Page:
Researchers discuss new approaches to reduce health disparities in underserved populations
Health disparities are as real in cancer care as they are in other diseases, but they are not inevitable. Focused projects in data science, genomics, biobanking, rare cancer profiling, and engaging underserved communities are making measurable and meaningful progress around the world in reducing disparities and improving cancer detection, treatment, and outcomes.
“This is an exciting time for diversity,” said Mariana C. Stern, PhD, University of Southern California. “We are making great strides in cancer survivorship, but as we all know, progress has not been uniform across all cancer types or populations. If we continue to expand our engagement with underserved populations and to expand our knowledge, the future looks bright for reducing the cancer burden in all populations.”
Stern chaired the plenary session Decoding Cancer Health Disparities; Integration of Complex Data and Diversity to Achieve Equity on Monday, April 11. The session can be viewed on the virtual platform by registered meeting participants through July 13, 2022.
One of the most basic and least recognized barriers to reducing health disparities is data. Communities that are underserved and underrepresented in cancer are also underrepresented in cancer datasets. American Indians/Alaska Natives, who have the lowest cancer survival of any ethnic or racial group in the U.S., account for just 0.25 percent of participants in The Cancer Genome Atlas program, noted Cheryl L. Willman, MD, Mayo Clinic.
“We have to have sufficient, high-quality data to answer the questions,” said Yu Shyr, PhD, Vanderbilt University. “We have to have a large enough dataset to understand cancer health disparities.”
In the U.S., the All of Us Research Program has amassed nearly 100,000 whole-genome sequences and 165,000 genotyping arrays. Nearly half of the data collected to date comes from participants who self-identify with a racial or ethnic minority group and over 80 percent are underrepresented in biomedical research. More than 671,000 participants have registered with the program and enrollment continues to rise after a pause during the COVID-19 pandemic.
Elsewhere, the UK Biobank has 500,000 participants who have donated urine, saliva, and blood samples. About 200,000 whole-genome sequences will be released later this year with 500,000 genomes due by late 2023.
“We will see a new horizon of advancements in single-cell spatial omics, microbiome methodologies, and immunology,” Shyr predicted.
Data science is being used to gather new details about the burden of lung cancer across populations. Lung cancer is the leading cause of cancer death in the U.S. and worldwide, but the burden does not fall equally.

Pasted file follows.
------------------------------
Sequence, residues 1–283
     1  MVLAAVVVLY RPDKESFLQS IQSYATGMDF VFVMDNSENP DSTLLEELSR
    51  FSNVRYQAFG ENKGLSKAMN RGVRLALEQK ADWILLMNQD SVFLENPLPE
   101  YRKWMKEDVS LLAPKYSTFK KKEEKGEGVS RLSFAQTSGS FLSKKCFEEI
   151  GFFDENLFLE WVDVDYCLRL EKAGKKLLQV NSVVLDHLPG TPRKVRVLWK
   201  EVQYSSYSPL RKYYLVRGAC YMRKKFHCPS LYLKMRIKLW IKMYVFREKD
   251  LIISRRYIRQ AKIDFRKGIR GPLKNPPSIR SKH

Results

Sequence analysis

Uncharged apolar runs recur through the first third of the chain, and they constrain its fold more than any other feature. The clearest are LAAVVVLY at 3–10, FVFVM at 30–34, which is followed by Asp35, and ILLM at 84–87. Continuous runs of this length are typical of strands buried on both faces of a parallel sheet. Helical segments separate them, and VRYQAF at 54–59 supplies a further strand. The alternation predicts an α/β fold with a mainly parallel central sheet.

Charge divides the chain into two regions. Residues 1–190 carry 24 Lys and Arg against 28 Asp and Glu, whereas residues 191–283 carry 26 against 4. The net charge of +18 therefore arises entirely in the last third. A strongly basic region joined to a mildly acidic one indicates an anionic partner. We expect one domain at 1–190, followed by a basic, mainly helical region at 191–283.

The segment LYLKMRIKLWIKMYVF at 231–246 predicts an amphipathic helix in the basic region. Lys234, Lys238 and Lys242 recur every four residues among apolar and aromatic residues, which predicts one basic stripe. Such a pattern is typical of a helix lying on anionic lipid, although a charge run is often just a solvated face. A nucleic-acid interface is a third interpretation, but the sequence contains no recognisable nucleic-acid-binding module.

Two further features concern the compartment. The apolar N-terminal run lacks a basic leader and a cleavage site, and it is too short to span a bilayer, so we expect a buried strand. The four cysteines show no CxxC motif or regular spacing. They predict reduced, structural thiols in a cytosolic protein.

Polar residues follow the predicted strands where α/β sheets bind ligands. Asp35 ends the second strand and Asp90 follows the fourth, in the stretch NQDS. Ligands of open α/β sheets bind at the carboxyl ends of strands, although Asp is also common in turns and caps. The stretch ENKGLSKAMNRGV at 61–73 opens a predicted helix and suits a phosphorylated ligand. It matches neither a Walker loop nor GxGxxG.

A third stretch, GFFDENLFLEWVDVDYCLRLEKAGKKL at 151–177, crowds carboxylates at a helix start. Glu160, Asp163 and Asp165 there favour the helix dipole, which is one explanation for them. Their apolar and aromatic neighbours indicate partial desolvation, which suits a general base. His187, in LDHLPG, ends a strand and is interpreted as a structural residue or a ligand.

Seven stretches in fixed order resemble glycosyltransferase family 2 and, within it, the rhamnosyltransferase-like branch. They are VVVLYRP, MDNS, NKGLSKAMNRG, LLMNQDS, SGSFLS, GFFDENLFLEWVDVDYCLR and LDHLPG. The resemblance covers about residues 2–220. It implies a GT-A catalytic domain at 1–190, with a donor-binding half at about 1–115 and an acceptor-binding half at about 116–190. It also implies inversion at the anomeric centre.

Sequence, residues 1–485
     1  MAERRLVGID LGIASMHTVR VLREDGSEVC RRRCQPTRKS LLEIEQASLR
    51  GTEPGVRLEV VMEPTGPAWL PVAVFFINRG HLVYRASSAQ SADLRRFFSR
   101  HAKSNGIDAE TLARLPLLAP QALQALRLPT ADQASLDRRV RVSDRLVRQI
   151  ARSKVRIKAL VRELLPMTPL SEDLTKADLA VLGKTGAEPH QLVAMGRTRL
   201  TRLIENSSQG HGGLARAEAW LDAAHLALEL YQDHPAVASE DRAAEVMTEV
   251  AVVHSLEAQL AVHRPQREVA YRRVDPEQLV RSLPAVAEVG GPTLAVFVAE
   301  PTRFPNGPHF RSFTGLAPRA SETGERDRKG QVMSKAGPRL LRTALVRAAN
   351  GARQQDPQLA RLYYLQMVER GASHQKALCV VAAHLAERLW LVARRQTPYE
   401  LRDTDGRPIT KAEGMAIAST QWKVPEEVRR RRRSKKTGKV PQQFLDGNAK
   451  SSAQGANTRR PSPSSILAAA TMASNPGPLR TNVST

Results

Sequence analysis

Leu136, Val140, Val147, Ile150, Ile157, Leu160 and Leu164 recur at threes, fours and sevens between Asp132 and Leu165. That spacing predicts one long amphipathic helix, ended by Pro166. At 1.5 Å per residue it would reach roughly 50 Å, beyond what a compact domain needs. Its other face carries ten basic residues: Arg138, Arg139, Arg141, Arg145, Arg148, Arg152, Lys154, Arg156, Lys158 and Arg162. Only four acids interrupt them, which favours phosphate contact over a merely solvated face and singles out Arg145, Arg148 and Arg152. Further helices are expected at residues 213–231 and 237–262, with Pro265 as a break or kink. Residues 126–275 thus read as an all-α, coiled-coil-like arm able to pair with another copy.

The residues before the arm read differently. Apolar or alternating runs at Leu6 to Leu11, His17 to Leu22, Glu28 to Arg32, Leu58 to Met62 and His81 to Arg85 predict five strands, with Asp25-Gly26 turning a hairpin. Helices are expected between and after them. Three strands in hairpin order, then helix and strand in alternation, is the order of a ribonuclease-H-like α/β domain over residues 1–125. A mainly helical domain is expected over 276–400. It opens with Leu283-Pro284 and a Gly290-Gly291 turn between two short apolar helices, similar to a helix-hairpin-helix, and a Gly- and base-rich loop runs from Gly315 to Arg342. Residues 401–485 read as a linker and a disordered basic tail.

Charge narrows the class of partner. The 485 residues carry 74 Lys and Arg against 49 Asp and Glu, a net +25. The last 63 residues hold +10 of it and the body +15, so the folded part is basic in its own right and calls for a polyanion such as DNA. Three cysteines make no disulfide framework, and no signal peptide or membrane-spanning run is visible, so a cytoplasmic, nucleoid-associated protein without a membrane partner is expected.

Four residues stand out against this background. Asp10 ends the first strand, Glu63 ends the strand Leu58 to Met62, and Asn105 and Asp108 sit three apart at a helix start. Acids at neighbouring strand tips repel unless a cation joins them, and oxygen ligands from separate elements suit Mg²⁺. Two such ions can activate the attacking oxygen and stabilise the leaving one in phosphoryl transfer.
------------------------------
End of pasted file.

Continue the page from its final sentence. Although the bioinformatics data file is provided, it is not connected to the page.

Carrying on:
Genetic analysis has revealed EGFR and other mutations associated with lung cancers are linked not just with somatic mutations that give rise to tumors, but also to ancestry. Germline genetics play a role in somatic mutations in both smokers and nonsmokers, said Matthew L. Meyerson, MD, PhD, Dana-Farber Cancer Institute and Harvard Medical School.
Lung cancer in East Asian patients shows a different distribution of somatic mutations compared to the general U.S. population. About 50 percent of East Asian lung cancers carry EGFR mutations versus 10 percent in the general population. KRAS mutations are seen in about 10 percent of East Asian lung cancers and 35 percent of U.S. lung cancers, while STK11 mutations are seen in 5 percent and 20 percent, respectively.
Lung cancer is mostly a disease of somatic mutations, but germline variations can play a role in modifying risk, Meyerson said. He drew evidence for this from Latin American subpopulations. Among lung cancer patients in Mexico and Colombia, including nonsmokers, somatic EGFR mutation is positively correlated with Native American ancestry and somatic KRAS mutation is negatively correlated with Native American ancestry.
The smoking-induced risk of lung cancer also varies by ancestry. Smoking increases the risk of lung cancer two- to five-fold among East Asians compared to more than 20-fold for Europeans, Meyerson said.
“The hypothesis is that one or more alleles common to people of both East Asian and Native American descent increase the risk for lung cancer with somatic EGFR mutations, and decrease the risk for lung cancers with somatic KRAS mutations,” he explained. “If we can find that germline locus or loci, it could improve our understanding of lung cancer pathogenesis, approaches to prevention, risk assessment, and potential treatment.”